Baby’s first honor duel

honor duel

Every momma has a secret, locked-up safe of prize memories. Because despite all the grunt-work involved, motherhood turns up the occasional heart-swelling sparkler. Like when he proudly presents his first smudgy, handmade Mother’s Day gift, or when she surprises you by cleaning up all her toys without even being asked. These pearls of gratuitous kindness and civility may be rare, but that’s exactly why we clutch at them so.

I’m not sure my four-year-old daughter has yet cleaned up all her toys without being asked, but I shall never forget the time when, about a year and a half ago, she nearly scrapped with a first-grade boy to defend my honor. I didn’t have a blog then, so here’s one from The Vault:

Baby’s first honor duel

We were visiting a dear Ohio friend, her baby girl, and her seven-year-old boy (who, incidentally, my daughter adored). My friend was singing some nonsensical song to her baby, as we mommas are wont to do, and it went something like:

“YOU! (bee-do!) …are my favorite animal!”

My daughter put down her crayon and raised her eyebrows. “She’s notta AMinal,” she said, her tone didactic, yet patient. “She’s PEE-poh — she’s a baby.”

“People are animals,” corrected the seven-year-old, hardly looking up from his book. “Babies too.”

“NO… they’re NOT. They’re peeeee-poh.” She sounded strangely aggrieved. But then, she’d just turned three. It devastated her to find a sock inside out.

“Are too” the boy retorted. Now she had his full attention. “We’re apes.”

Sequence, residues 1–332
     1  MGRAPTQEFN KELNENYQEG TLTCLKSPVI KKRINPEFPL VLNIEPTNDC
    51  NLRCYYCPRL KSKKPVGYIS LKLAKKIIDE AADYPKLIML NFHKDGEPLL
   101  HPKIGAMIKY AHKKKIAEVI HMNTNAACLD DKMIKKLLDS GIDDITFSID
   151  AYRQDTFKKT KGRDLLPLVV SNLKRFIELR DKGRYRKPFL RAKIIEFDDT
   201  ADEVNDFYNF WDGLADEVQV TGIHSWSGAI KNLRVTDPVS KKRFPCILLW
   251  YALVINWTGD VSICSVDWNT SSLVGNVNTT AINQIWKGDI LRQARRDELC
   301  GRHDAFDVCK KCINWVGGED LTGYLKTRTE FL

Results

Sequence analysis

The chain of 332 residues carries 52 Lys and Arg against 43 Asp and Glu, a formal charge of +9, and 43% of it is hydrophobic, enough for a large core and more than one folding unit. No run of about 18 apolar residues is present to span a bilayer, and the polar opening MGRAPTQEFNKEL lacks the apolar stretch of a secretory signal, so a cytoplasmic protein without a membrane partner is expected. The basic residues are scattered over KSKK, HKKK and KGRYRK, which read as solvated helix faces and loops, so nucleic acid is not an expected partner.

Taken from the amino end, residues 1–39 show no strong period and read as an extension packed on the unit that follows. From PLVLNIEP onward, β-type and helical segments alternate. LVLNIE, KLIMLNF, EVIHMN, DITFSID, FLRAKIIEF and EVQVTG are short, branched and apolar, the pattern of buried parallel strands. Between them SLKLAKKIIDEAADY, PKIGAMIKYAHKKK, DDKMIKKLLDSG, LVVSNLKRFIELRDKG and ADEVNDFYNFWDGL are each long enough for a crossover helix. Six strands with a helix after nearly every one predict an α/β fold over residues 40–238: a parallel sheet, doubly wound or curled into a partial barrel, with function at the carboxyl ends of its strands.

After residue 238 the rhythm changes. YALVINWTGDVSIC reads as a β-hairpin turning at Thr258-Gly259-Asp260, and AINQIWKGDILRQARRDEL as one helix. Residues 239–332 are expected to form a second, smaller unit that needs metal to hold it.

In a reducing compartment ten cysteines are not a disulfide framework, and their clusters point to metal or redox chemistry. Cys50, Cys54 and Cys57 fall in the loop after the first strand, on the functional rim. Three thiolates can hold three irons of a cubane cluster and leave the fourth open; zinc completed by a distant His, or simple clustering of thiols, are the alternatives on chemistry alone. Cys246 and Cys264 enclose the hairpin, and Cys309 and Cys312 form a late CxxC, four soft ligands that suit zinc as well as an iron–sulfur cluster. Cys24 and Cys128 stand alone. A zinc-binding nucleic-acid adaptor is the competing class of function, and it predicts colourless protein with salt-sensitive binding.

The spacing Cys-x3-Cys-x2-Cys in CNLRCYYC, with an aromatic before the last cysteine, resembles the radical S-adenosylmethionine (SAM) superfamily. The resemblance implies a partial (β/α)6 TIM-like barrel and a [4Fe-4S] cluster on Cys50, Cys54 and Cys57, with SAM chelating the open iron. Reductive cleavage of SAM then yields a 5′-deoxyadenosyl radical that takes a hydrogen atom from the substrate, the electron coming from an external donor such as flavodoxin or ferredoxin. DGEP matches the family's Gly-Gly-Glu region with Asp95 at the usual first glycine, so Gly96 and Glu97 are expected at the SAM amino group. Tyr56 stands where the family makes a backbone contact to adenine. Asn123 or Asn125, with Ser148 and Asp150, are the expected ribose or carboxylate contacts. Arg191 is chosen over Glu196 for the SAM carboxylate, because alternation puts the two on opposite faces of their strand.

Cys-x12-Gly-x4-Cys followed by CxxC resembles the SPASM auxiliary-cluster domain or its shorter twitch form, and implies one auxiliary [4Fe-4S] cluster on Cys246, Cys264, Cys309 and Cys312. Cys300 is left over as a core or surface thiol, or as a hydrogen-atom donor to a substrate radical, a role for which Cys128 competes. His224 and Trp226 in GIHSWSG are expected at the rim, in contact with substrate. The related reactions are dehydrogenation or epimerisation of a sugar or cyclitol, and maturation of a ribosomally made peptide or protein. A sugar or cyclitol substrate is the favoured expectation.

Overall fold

“We’re apes?” I muttered to my friend.

My friend nodded. “Great apes.” (Her kid had two consecutive annual passes to the Carnegie Science Center under his belt. He knew his evolutionary bio, and he liked those around him to know theirs.)

As I was getting this straight, my daughter suddenly stepped between me and our perceived offender. She balled her tiny fists, stomped her tiny foot, and cried with sudden, savage preschooler fury:


We all stared frozen for a moment. You could’ve heard a bubble pop.

My bottom lip quivered, and I felt my eyes moisten. For the record, I’m cool with being a great ape (or even a middling one). I trust the primatologists have worked this through. But I’d never seen my child ready to brawl on my behalf before, so I was happy to accept her mantel of anthropological exceptionalism.

“Sweetie,” my friend whispered to her son. “She’s three-years-old.”

The poor boy looked helplessly from belligerent child, to his own conciliatory mother, to dewy-eyed me, astounded that two otherwise responsible adults would allow such willful ignorance to thrive in his very living room.

“Mom! She’s just WRONG. We are animals!”

NOOOOOOOOOO!!!! Not me, and NOT HER!” My girl puffed out her chest, stuck her chin in the air, and pointed back at me, not quite nailing the “r”.

“Oh-KAY, buddy! Time to go to the store!” chirped my friend. She grabbed his coat and ushered him out the door, “but MOM“-ing all the while.

After they’d gone, and the garage door was whirring outside, I knelt beside my faithful firstborn and took her face in my hands. “Thank you, honey,” I said.

She patted me on the shoulder. “Is OK, Momma,” and with that, she returned to her coloring.

See this? This right here is my treasure, to lock safely away. So that some day, when my daughter slams a door in my face, I can pull this out, polish it up, and look once more at my reflection as she used to see it:

Her Momma, Greater than the Greatest of Apes. (And don’t you forget it.)

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